I call the painting "Time Traveller" as it shows the Belle of Louisville and the Idlewild together. I also call it my Twilight Zone painting, as this could never happen in real life. It is 24 x 36" less the frame and I painted it in honor of the Belle's upcoming 100th anniversary. The head of the present day Belle is on the right and one of the crew is pointing at the Idlewild steaming out of the past. It is a very hard painting to get a good photo of due to the contrast between the light and dark portions. This is the best I can do with the camera I have. I eventually want to sell it and would like to see it end up in the Louisville area. It has been shown at the Howard Museum and to some of the Belle's management, but no takers yet. In the meantime I thought Steamboats.com viewers might enjoy seeing it.
Editor's note: Thank you for sharing this amazing painting, John! Contact John or see John's model boat exhibit at this site, click here.
October 30, 2013
On Oct 29, 2013, at 5:05 AM, Craig Stichtenoth wrote:
I am involved with a Facebook group called "You know you're from Cincinnati if . . ." Recently, someone posted a photo with the question of what was the vintage of the photo. I added my own comment to the many that were offered, but rather than tell you what I said, I thought I would send you a copy of the photo and invite you to respond.
Editor's Note: Craig guessed the year must be pre-1951 because the Gordon C. Greene is tied up to the old Greene Line wharf boat. I would have guessed the same. I asked Craig if anyone else picked it up, and he replied:
On Oct 29, 2013, at 8:32 AM, Cstichtenoth wrote:
One man recognized it but called it General Greene. Most were focused on the cars and were guessing 50's or early 60s. I think some were thinking it was the Delta Queen in the photo although nobody suggested it specifically.
Editor's Note: Craig's late father was a graphic artist who did a lot of work for the Delta Queen. Visit the Warren Stichtenoth art exhibit at this site, click here. Our thanks to the owner of this photo, Diane Hagler, who gave permission to post it at this site. The photo has been in her family for many years.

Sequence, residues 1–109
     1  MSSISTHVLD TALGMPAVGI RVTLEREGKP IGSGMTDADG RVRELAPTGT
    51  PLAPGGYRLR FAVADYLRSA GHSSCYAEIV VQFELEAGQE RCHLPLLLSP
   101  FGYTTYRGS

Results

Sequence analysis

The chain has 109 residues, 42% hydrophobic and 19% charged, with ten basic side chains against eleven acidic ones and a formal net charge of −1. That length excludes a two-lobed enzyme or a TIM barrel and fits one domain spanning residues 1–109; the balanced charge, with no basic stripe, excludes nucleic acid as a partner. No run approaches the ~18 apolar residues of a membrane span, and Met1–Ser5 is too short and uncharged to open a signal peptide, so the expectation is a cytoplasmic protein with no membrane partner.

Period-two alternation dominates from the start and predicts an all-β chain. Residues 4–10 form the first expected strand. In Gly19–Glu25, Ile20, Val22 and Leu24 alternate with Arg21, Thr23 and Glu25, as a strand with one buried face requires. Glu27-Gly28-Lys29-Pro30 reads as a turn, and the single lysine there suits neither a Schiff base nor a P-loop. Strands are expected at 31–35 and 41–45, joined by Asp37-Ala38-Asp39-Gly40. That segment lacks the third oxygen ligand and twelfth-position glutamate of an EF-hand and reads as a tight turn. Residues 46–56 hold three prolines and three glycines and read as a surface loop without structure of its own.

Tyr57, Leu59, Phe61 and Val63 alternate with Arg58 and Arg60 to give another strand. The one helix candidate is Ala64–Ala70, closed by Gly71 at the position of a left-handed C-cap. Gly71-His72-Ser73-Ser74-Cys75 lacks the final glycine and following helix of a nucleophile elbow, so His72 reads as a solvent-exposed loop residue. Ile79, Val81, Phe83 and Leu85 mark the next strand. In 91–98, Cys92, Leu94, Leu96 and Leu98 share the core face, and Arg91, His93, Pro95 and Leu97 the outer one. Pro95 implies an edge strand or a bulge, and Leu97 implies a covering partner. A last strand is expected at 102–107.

Ship for Sale
October 30, 2013
On Oct 24, 2013, at 1:01 AM, Walter van den Broek (Faim & Co; ss Succes ao 1897) wrote:
After the restoration and resurrection of the Steamship Success anno 1897, I kept it in service as a partyship for more than 16 years with great pleasure! However, in the absence of a successor for the preservation of this "sailing heritage" and because of my intention to move abroad, I decided to end this hobby and start the search for a buyer to give this unique object a new future. The "Succes" offers excellent opportunities as a passenger dayship (party ship/partyboat), but also as a (docked) restaurant or club facility, luxury yacht or houseboat.
Because I don't want to have a big "for sale" sign on the bow, I want to try reaching potential buyers (or a good sales agent) through my personal network.
You may be able to help me with your tips or by bringing this Successful sale to the attention of your friends and/or business associates (by i.e. mail or website). Of course, a successful tip will be rewarded.
This link goes to a private page on our website where you will find the sales brochure (in Dutch and English). If you follow the link you will be asked to register yourself with a username and password after which you will have access to the sales information.
To avoid misunderstandings: the "Success" remains sailing as long as I own the vessel!
I hope you want to help me a step further and responds to this message/request. Many thanks in advance!
Walter E. van den Broek
Office: Bomenweg 28 - 8316 PJ Marknesse, The Netherlands
Visiting adress ss Succes: Sluis (at nr. 3) - 1357 NZ Almere-Haven
Tel: dial Holland+ (0)527 610600 or (0)653 263287 - waltervandenbroek[at]partyschipsucces.nl